Tanzania's decision to update voter registers in Arusha and Kilimanjaro from June 23 will go on as scheduled after the East African Court of Justice (EACJ) declined to grant temporary orders to stop the exercise, pending a hearing over an application filed by opposition parties challenging the Political Parties Act, 2019.
The EACJ bench, led by Principal Judge Monica Mughenyi, said the application could only be heard with all parties in attendance and that the government was absent.
Lawyers for the coalition of political parties led by Fatuma Karume had asked the regional court to issue ex-parte orders "for the sake of protecting justice."
The opposition parties accuse the Tanzania government of prematurely issuing a notice to start updating the voters register in Arusha and Kilimanjaro from June 23, while they and the civil society are prohibited from carrying out civic education.
The Political Parties Act, 2019 requires that any individual or institution intending to conduct civic education in the country serve the Registrar of Political Parties with a 30-day notice before the exercise begins.
"With the government, through the National Electoral Commission, issuing a notice on June 7, it denied political parties, civil society organisations and non-governmental organisations the chance to conduct civic education," Ms Karume told the court. She said the move would deny about 2.5 million young people their constitutional right to be registered to vote.
Chadema leader Freeman Mbowe, speaking after the court's ruling, said the government is trying to recapture the Arusha and Kilimanjaro regions, which are opposition strongholds.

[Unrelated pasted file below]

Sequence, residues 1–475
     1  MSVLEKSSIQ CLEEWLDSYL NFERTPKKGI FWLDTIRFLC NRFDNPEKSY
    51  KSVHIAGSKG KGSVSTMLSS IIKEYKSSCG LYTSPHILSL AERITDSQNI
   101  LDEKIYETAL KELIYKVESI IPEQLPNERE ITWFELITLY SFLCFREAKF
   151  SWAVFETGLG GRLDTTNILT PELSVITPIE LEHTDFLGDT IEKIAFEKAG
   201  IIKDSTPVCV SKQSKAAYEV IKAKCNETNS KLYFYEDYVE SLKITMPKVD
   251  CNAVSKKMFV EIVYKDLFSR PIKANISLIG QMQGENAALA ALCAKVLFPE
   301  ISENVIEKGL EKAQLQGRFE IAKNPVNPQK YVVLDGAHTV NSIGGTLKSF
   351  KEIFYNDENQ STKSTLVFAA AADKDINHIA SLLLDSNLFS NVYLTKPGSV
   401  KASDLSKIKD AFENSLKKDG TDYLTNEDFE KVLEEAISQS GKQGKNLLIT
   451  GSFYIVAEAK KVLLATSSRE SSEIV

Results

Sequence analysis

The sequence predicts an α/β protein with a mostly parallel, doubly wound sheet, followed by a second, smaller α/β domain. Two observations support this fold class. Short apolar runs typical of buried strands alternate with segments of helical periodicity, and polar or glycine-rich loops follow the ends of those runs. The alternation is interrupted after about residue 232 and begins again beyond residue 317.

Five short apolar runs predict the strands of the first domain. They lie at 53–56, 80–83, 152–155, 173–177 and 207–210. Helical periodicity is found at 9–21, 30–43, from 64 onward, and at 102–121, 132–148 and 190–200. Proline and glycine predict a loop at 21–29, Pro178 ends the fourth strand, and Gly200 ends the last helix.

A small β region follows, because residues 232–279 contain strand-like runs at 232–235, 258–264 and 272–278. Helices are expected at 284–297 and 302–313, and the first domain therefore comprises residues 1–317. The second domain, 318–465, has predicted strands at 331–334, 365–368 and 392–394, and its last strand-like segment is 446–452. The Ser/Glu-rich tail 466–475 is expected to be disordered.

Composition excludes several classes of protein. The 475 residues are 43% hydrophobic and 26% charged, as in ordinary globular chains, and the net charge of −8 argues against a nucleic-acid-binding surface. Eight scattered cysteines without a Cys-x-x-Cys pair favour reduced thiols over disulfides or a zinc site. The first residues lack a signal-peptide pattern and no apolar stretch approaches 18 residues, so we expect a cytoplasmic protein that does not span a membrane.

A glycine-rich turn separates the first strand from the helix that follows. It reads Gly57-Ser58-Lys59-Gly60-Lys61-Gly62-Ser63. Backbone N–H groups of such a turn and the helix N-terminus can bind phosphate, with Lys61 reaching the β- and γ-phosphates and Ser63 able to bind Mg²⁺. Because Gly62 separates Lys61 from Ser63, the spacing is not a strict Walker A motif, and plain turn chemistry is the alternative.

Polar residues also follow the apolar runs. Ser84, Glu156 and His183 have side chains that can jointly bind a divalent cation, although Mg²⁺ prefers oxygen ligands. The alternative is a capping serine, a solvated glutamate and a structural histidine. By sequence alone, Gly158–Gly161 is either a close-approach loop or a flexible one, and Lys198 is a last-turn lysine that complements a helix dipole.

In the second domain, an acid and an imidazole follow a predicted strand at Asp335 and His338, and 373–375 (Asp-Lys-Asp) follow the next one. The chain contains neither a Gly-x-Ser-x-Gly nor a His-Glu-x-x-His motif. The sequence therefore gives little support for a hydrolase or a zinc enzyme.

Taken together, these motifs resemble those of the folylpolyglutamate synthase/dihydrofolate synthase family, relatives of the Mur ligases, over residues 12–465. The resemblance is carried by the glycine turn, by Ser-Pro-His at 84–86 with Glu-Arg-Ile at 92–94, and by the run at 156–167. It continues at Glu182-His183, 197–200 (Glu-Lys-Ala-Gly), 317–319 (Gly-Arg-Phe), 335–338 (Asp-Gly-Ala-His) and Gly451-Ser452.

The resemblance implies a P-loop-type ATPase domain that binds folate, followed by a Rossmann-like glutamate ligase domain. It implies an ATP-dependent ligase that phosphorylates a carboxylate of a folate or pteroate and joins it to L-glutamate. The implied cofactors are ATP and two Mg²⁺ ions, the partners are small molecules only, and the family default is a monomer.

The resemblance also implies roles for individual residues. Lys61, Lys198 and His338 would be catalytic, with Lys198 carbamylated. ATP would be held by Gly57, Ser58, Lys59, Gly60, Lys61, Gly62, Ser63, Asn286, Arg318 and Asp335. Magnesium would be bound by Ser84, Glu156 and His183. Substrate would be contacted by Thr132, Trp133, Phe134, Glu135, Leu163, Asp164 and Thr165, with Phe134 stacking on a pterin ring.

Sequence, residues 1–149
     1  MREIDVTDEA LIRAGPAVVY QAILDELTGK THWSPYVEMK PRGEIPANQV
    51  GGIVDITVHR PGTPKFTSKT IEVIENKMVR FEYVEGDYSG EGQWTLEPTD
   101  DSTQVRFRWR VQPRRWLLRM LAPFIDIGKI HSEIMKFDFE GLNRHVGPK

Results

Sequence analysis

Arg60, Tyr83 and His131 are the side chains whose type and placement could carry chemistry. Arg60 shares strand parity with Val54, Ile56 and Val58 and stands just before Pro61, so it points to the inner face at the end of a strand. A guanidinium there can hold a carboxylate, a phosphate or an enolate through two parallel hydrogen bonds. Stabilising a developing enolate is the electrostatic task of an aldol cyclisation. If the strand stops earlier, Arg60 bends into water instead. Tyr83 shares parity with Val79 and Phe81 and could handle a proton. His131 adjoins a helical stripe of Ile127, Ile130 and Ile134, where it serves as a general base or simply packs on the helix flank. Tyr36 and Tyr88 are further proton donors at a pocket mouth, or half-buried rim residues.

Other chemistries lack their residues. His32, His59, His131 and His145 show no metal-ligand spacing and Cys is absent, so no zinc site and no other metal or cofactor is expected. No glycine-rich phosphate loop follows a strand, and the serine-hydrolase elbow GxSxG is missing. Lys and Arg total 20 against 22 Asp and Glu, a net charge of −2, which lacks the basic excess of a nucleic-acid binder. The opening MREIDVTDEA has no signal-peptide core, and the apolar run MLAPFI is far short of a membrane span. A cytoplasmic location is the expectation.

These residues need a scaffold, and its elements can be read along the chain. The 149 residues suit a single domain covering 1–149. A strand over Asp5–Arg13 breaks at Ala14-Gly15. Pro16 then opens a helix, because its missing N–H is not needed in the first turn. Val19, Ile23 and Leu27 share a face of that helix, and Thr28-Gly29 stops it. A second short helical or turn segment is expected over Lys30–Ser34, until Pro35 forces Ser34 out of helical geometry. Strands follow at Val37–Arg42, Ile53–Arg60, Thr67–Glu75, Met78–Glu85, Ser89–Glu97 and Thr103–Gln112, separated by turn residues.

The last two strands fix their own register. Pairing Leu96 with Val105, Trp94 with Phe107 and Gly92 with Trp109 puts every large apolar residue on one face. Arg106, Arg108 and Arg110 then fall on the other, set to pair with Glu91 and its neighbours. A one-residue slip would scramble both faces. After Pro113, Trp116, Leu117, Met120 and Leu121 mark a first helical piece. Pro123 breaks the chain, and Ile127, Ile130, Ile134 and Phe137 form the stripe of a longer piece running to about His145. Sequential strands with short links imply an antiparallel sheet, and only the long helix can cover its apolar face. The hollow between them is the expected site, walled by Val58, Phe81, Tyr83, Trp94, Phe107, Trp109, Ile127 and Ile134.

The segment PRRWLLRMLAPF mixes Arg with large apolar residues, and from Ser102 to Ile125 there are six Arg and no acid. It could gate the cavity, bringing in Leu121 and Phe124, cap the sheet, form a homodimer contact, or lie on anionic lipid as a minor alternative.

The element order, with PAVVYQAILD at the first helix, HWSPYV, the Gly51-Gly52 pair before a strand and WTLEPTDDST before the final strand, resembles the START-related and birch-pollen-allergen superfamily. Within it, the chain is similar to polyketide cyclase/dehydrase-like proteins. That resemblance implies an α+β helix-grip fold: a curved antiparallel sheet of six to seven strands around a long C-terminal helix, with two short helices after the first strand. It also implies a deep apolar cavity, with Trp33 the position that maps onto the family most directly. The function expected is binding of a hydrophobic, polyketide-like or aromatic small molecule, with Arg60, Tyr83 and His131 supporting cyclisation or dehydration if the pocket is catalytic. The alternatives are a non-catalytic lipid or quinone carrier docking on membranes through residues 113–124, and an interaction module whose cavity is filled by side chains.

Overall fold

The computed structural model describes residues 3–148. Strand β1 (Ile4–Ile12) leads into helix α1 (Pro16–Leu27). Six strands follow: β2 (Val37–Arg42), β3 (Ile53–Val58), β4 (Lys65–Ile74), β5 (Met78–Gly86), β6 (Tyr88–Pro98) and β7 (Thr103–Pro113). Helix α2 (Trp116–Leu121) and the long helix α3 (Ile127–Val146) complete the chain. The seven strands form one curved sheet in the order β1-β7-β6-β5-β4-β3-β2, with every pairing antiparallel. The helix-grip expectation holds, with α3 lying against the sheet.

Opposition parties control the Arusha Region, save for Ngorongoro, which was won by a CCM candidate in the last election. In Kilimanjaro Region, CCM won two constituencies -- Same and Mwanga West -- out of nine.
"CCM is deliberately trying to deny residents of the two regions an opportunity to vote in 2020 by registering voters in barely seven days," said Mr Mbowe. He accused the government of ignoring local courts and pushing the limit of the regional one.
The case challenging the new law was filed at the EACJ in April, and Mr Mbowe says the government has not bothered to respond to it.
The ACT Wazalendo leader Zitto Kabwe said the voters' register should have been updated at least twice in five years, but this had not happened since the 2015 general election. "We plead with the regional court to fast-track the case," he said.
The coalition of opposition parties is challenging the Political Parties Act, 2019, which President John Magufuli assented to law in February, 10 days before it was published in the government gazette.
The coalition said the Act violates the EAC Treaty and wants the regional court to stop its enforcement, pending determination of the case.
The Political Parties Act also prohibits political parties from recruiting security guards for leaders despite increasing attacks targeted at them.
The coalition also claims that the Act violates human rights contrary to the country's Constitution.
Article 19 of the Act, for instance, gives the Registrar of Political Parties the authority to suspend registration of a political party for whatever period it determines.
Once suspended, a party is not allowed to engage in any political activity.